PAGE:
But, as the comment states, if you log an issue on the forum, be it a bug, enhancement or feature request, how can you be sure it's tracked? You can't. We have many posts to the forum each day and we're tracking as many as we can.
You might be interested to know that a group of forums have an application as a front end to list those questions that have remained unanswered. Due to the huge volume of posts on our SQL Developer forum, we have joined this group to ensure, where possible, all questions and comments are attended to either by us or the community. Where there are issues or requests, we add them to our bug and task lists. So we are pretty confident that we have a good grasp of the feature requests and issues.

Another route is Oracle Support. In this instance, even though the product is FREE, you ARE supported through Oracle Support if you have a valid Database support license. So you can create a ticket (iTAR, or online Service Request...Technical Assistance Request (TAR) via MetaLink. ;-) ) and the issue is tracked. Members of the development team work with Support on these tickets too.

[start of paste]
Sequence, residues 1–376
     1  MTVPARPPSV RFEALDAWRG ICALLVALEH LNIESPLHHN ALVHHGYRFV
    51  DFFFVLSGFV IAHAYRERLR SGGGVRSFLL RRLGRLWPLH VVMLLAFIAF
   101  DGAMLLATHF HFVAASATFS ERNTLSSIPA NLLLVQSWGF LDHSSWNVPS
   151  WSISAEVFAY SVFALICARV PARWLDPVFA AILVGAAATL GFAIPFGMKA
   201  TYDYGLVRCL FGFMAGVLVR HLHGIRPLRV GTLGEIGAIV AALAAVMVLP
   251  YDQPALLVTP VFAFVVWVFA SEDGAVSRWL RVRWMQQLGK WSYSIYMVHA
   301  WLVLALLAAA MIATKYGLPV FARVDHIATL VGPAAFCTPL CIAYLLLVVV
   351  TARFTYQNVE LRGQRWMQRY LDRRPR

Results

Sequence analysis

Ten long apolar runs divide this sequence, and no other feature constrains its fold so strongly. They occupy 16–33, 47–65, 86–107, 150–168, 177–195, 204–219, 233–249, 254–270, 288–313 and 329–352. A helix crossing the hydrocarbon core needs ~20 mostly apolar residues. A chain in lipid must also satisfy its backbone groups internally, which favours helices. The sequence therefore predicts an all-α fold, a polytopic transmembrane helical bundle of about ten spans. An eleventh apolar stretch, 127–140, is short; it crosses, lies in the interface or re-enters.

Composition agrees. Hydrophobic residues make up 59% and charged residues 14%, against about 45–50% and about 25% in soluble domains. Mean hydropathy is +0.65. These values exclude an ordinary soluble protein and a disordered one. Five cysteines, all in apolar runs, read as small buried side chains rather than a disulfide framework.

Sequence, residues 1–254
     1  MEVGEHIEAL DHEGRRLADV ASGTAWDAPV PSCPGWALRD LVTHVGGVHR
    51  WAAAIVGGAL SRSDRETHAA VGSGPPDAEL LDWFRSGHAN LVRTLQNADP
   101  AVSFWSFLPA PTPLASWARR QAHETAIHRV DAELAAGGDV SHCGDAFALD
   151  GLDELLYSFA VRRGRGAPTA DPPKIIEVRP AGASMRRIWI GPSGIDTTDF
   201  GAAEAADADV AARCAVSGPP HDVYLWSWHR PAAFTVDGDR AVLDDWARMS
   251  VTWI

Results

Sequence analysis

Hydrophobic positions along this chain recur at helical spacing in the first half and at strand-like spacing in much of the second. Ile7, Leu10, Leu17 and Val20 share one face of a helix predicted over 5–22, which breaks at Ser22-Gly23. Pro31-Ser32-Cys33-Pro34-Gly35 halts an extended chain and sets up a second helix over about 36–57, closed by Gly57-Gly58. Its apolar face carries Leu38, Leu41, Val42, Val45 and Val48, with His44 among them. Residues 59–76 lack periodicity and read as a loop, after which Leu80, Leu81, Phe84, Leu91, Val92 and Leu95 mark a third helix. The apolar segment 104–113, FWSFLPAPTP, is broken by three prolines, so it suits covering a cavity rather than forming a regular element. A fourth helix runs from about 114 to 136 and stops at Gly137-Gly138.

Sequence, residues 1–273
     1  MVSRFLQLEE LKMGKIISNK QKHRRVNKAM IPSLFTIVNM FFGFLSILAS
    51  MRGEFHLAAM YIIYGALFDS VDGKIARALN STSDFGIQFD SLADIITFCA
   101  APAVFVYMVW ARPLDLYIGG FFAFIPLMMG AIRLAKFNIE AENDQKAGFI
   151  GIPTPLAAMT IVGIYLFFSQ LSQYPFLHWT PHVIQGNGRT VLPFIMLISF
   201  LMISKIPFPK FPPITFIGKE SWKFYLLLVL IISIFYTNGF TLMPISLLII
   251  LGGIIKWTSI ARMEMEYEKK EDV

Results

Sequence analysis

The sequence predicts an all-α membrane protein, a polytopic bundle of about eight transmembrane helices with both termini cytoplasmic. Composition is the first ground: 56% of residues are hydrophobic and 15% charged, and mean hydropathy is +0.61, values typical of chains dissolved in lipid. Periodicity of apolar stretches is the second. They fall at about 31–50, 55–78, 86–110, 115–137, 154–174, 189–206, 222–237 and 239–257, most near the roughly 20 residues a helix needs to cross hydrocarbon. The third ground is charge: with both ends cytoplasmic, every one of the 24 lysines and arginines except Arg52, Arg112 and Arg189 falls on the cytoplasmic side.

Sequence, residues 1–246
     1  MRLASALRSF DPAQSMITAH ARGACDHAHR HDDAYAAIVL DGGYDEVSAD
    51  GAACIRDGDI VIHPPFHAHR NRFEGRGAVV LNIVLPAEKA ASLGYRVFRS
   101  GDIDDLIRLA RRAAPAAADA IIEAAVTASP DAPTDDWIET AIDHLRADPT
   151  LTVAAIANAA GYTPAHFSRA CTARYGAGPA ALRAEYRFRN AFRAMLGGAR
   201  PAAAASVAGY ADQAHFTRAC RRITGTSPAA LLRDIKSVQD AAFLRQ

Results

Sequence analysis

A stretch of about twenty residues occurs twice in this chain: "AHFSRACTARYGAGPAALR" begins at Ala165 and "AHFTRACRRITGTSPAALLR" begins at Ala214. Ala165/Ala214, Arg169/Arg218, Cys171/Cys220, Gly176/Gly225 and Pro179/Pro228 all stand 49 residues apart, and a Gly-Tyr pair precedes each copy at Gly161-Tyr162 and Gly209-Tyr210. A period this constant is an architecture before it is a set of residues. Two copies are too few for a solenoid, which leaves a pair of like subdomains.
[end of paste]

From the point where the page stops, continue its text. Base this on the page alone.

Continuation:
I must mention that Oracle Express Edition (XE) is only supported through its forum. So if you are using XE and SQL Developer, Oracle Support will direct you back to the SQL Developer forum for your questions.

I hope that helps!

17 May 2006

Just What is SQL Developer?

I've noticed this over the years, that as people become more and more familiar with a topic or subject area, they assume the rest of the world is right there with them and rattle on in terminology and concepts that would boggle most brains. I think you can take most subjects and you'll find this to be so, it's not just an IT thing...

I remember sitting at a brown bag lunch at a user conference a few years back. The point of the gathering was that anyone with questions could come along and ask questions and other with experience in the product would help and answer. The intentions were well meaning, the idea being to grow a community of sharing experience. As I sat in the back listening, I realised the experts were so far advanced and so skilled in the subject area, that they couldn't (or didn't) answer the basic questions. They were so used to dipping into the API and their own additional code, they'd got beyond the basic product! They were so used to responding to deep technical problems, that they didn't really hear the question. The answer to "Mum, where do I come from?" might just be "Cape Town" !